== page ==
In the recent case of Goldstein v. Lustig (1987), 154 Ill. App. 3d 595, 507 N.E.2d 164, the court held that the trial court did not err in dismissing plaintiff's complaint with prejudice. However, Goldstein is clearly distinguishable from the facts at bar. There plaintiff failed to file a transcript of proceedings with the appellate court. Also, plaintiff affirmatively elected to stand on his original complaint by tendering a copy of that complaint to the trial court after the dismissal. The facts at bar, on the other hand, indicate that the trial Judge found the dismissal to be final because it dismissed the complaint and thereby precluded plaintiff from seeking leave to amend her complaint.

Even if we were to accept the line of authority that holds if the substance of the order results in termination of the litigation and finally disposes of the parties' right, then the order is final and appealable regardless of the form of the order (O'Fallen Development Co. v. City of O'Fallen (1976), 43 Ill. App. 3d 348, 356 N.E.2d 1293; Pratt v. Baker (1967), 79 Ill. App. 2d 479, 223 N.E.2d 865), as we noted in Ben Kozloff, Inc. v. Leahy (1986), 149 Ill. App. 3d 504, 501 N.E.2d 238, there is no justification for the finding that the dismissal at bar is a final order. The trial Judge merely found that the complaint was insufficient at the time of the hearing. We cannot begin to speculate as to what additional facts plaintiff may allege in an amended complaint in order to substantiate her claim for breach of contract. An order must in substance adjudicate the rights of the parties and terminate the litigation to be final and appealable. Myers v. Myers (1977), 51 Ill. App. 3d 830, 366 N.E.2d 1114.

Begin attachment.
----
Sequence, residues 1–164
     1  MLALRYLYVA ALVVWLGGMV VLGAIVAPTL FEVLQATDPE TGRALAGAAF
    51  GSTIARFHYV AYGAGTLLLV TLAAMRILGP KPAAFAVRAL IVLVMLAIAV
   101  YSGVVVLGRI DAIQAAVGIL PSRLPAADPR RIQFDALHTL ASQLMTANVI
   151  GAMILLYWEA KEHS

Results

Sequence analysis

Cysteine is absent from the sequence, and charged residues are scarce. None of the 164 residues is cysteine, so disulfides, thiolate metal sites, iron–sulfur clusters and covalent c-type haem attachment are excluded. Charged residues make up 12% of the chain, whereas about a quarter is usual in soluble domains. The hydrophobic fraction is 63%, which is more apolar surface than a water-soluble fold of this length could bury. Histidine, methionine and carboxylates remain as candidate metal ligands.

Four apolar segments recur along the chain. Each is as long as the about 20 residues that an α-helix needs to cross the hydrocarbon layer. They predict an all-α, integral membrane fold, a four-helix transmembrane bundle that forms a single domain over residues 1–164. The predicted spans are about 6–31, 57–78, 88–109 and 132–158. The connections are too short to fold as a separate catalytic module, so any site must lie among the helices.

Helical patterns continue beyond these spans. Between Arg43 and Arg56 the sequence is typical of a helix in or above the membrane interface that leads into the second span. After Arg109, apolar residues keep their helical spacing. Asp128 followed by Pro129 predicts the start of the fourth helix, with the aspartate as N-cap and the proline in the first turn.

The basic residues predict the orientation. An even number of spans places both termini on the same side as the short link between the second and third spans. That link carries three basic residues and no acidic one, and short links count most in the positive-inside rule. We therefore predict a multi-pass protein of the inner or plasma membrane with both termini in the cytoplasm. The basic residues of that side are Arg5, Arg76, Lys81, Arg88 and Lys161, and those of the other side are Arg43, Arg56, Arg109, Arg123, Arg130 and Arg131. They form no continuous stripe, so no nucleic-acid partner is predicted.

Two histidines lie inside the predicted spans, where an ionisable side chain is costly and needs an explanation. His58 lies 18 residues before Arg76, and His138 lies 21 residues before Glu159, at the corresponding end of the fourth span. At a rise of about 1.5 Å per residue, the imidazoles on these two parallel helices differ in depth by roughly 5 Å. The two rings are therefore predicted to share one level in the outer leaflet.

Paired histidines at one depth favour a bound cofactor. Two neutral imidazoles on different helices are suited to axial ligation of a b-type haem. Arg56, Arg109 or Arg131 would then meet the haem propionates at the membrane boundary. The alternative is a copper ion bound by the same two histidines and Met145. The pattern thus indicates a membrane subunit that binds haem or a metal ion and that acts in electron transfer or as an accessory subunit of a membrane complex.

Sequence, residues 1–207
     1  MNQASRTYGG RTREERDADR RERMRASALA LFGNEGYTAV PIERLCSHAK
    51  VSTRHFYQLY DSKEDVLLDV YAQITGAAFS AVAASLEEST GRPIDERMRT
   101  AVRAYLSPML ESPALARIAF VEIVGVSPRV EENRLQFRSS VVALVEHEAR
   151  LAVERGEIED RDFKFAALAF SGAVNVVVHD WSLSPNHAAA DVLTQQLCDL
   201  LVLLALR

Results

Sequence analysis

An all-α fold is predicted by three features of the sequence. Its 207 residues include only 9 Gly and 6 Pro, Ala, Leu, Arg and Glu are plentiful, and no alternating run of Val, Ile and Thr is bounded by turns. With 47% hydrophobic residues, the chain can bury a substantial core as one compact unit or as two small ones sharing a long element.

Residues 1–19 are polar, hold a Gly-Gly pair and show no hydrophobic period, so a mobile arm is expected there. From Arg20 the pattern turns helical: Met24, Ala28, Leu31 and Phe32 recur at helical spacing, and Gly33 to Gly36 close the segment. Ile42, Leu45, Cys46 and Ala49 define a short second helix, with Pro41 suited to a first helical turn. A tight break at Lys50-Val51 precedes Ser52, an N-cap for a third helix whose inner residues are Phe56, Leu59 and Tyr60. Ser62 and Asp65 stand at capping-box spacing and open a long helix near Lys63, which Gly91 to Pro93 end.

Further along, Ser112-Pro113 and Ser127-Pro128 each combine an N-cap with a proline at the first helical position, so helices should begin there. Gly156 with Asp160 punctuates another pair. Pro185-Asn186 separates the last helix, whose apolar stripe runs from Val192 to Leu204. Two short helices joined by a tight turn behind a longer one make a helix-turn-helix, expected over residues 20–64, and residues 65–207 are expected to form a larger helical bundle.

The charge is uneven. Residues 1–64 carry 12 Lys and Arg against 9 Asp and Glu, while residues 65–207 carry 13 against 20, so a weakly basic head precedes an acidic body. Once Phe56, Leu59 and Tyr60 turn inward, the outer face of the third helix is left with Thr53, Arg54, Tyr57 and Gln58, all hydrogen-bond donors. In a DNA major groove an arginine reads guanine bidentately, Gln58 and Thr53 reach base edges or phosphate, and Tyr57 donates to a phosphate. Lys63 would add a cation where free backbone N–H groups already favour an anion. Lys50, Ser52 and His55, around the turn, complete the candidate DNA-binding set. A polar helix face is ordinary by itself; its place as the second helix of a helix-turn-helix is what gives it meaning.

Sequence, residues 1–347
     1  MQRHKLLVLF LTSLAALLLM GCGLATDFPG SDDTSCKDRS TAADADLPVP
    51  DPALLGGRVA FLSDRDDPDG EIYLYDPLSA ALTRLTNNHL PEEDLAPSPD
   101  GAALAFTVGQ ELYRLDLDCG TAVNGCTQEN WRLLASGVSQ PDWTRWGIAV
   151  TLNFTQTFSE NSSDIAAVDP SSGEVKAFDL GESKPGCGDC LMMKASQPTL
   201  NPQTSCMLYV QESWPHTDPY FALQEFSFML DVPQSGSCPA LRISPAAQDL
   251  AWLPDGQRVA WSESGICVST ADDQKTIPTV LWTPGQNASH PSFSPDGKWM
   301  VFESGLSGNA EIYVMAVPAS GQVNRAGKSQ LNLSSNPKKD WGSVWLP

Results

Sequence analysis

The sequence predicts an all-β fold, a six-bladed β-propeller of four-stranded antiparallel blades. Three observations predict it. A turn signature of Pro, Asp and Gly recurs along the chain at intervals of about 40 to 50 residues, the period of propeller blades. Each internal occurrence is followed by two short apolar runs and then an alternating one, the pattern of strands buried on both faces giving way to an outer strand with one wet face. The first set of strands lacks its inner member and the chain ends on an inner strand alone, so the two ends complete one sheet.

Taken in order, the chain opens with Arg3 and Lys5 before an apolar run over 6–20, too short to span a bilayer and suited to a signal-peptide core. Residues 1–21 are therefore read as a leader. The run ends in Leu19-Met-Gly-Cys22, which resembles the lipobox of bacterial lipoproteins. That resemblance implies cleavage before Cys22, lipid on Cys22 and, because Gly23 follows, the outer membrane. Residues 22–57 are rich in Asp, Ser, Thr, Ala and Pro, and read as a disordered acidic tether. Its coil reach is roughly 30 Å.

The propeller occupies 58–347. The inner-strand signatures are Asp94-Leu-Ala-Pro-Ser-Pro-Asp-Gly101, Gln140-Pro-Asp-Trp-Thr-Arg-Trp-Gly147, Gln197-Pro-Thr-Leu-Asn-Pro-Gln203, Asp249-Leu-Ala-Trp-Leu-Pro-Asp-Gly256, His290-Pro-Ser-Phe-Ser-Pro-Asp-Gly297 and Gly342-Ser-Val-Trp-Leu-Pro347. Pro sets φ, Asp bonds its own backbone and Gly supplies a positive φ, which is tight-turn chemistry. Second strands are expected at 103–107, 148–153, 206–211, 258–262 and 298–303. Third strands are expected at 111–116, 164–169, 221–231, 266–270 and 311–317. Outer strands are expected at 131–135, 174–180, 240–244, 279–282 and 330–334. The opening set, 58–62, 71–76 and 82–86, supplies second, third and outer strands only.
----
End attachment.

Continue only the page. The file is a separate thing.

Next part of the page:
Here, we find that the trial court has abused its discretion because it appears the transcript of proceedings of October 15, 1985, is absent of any indication that the trial Judge found, as a matter of law, that the plaintiff could never state a cause of action for breach of contract. He merely stated that the granting of the motion itself was a final order. As stated earlier, this is clearly erroneous. (Heiden v. Tambone (1955), 6 Ill. App. 2d 325, 127 N.E.2d 449.) The purpose of section 2 -- 615 is to give the plaintiff an opportunity to respond to the objection and to cure the defect in the trial court. (Michigan Avenue National Bank v. State Farm Insurance (1980), 83 Ill. App. 3d 507, 404 N.E.2d 426.) Consequently, in order to avoid grave inJustice plaintiff must be afforded the opportunity to amend her complaint as to count I.